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Tardigrade protects DNA cloud from radiation

UNITED STATES, WASHINGTON (OBSERVATORY) — Tardigrades are unsurpassed “survival specialists.” Environmental conditions do not seem to matter to these microscopic organisms. Scientists find them in hot springs, and in ice , and at the bottom of the ocean.

Tiny invertebrates are not afraid of even extreme drought and radiation. Therefore, it is possible that they will master themselves beyond the borders of our planet.

What allows tardigrades to be so unpretentious and survive even in the least adapted environment for this?

Researchers all over the world have repeatedly asked this question. So, several years ago, scientists found that tardigrades are unique owners of a special protein. Biologists called it Dsup (short for “damage suppression” or “containment of damage”).

Experiments conducted in 2016 showed that this protein saves the genome of microscopic creatures from exposure to radiation.

Interestingly, Dsup was able to protect the culture of human cells from x-ray radiation . However, the mechanism of operation of this “shield” still remained unsolved.

Recently, a team of researchers from the University of California at San Diego, led by James Kadonaga ( James Kadonaga ), received new data explaining the principle of the unique “screening”.

After a series of biochemical analyzes, molecular biologists found that the Dsup protein has a special structure.

It allows him to form a strong bond with chromatin , the basis of chromosomes (recall that the chromosomes are located in the cell nuclei and are a tightly packed DNA chain).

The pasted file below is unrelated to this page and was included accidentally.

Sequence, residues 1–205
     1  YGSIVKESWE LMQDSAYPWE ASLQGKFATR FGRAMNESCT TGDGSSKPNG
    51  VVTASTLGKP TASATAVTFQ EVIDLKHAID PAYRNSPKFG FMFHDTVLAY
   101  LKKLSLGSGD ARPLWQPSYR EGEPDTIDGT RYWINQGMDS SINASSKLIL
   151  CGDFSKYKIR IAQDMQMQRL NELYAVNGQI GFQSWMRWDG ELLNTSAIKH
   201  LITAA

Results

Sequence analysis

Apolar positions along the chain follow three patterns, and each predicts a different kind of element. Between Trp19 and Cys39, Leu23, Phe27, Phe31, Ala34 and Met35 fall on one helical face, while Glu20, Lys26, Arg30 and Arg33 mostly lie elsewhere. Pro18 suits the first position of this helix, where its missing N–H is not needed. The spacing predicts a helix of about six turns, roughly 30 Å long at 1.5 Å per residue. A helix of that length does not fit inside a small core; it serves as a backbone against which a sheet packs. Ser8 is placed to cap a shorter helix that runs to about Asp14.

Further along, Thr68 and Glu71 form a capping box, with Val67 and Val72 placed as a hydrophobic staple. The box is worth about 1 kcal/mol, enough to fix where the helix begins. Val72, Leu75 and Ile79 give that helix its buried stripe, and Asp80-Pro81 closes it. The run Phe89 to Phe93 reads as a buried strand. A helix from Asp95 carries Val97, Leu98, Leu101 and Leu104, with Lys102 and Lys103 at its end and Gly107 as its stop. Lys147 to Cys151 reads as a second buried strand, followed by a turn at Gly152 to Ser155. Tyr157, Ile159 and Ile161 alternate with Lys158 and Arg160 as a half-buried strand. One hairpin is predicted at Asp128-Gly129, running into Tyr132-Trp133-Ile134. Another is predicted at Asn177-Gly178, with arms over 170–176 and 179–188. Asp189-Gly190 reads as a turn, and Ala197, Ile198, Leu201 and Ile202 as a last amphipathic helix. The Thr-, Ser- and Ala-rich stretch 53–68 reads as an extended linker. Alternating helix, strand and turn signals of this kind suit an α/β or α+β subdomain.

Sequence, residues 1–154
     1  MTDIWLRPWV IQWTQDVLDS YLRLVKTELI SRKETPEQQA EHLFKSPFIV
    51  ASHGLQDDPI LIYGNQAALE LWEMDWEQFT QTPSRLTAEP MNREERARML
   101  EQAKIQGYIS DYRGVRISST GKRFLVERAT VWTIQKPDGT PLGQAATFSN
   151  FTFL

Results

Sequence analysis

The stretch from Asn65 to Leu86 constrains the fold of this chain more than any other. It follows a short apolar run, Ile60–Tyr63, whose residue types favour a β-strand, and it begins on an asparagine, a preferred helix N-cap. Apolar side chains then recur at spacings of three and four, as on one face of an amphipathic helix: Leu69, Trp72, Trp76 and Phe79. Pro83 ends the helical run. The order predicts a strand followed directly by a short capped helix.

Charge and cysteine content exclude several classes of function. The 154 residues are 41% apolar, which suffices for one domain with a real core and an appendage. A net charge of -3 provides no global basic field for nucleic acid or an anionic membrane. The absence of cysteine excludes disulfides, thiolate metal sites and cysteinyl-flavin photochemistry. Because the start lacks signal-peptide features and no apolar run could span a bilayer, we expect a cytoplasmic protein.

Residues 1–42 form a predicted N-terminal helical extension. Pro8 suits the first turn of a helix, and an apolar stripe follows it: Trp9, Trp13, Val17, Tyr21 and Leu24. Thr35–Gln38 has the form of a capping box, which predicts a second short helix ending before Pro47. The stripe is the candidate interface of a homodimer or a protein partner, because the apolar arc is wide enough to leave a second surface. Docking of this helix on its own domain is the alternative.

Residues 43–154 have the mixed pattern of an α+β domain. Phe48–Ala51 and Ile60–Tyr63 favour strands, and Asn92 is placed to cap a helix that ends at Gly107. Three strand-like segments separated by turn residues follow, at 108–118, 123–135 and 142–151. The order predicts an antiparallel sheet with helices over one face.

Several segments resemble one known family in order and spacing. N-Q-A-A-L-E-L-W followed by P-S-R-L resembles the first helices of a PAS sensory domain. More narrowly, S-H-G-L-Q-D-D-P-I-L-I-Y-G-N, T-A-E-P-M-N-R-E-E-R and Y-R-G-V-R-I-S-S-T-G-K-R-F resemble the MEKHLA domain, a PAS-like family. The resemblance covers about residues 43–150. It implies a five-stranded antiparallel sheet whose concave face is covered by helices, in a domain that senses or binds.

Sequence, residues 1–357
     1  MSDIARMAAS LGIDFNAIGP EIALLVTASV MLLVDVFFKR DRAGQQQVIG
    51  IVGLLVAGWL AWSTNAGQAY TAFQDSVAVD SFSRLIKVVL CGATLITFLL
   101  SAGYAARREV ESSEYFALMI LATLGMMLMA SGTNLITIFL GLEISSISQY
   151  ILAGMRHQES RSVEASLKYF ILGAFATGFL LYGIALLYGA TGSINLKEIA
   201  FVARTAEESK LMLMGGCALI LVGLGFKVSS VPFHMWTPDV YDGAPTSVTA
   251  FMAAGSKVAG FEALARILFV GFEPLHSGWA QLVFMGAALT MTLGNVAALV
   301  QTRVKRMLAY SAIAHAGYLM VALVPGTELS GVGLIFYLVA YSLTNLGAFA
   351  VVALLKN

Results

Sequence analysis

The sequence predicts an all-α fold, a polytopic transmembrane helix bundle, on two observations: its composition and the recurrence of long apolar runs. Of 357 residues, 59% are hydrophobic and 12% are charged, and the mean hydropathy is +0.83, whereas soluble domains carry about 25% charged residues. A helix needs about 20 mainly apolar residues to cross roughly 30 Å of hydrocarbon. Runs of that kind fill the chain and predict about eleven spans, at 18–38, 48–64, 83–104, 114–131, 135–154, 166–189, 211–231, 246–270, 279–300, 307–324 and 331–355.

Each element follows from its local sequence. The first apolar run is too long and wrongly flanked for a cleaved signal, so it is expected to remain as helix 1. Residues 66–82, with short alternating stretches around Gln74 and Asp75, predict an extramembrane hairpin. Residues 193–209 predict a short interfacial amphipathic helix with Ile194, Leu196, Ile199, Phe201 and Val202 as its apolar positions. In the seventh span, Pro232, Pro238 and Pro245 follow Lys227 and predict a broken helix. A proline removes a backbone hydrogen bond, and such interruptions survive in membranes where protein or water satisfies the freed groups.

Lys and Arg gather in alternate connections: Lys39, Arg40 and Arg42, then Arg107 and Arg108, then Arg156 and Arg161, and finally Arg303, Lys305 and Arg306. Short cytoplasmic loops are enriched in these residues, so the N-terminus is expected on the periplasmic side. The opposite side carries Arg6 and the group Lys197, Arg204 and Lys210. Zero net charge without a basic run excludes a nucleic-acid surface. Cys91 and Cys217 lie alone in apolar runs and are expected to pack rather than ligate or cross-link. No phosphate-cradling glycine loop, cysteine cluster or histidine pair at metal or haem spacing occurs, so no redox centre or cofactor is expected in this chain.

“Now we have a molecular explanation of how Dsup protects cells from x-rays. We found out that the protein consists of two parts. One is associated with chromatin, and the other forms a kind of“ cloud ”that protects DNA from hydroxyl radicals,” commented experiment leader in a university press release .

Let us explain that hydroxyl radicals are reactive oxygen species that have a toxic effect. They are formed in the cell under the action of ionizing radiation, which also includes x-ray radiation.

However, according to experts, small experienced “survivors” are exposed to hydroxyl groups even when drying wet mosses and lichens – the favorite habitat of tardigrades.

Probably, Dsup appeared in the process of their evolution as an instrument of adaptation to these unusual living conditions.

The molecular mechanism discovered by American scientists will certainly help to better understand the biology of tardigrades. But the wonderful Dsup protein also has great potential in terms of medicine and pharmacology.

With its help, specialists will receive long-lived cells that are resistant to harmful effects and will improve modern cell therapy.

In addition, a protective super protein can strengthen and extend the life of certain cell media used in pharmacology. These include, for example, cultures that produce drugs.

You can learn more about the work of the team of Professor Kadonaga on the eLife website.

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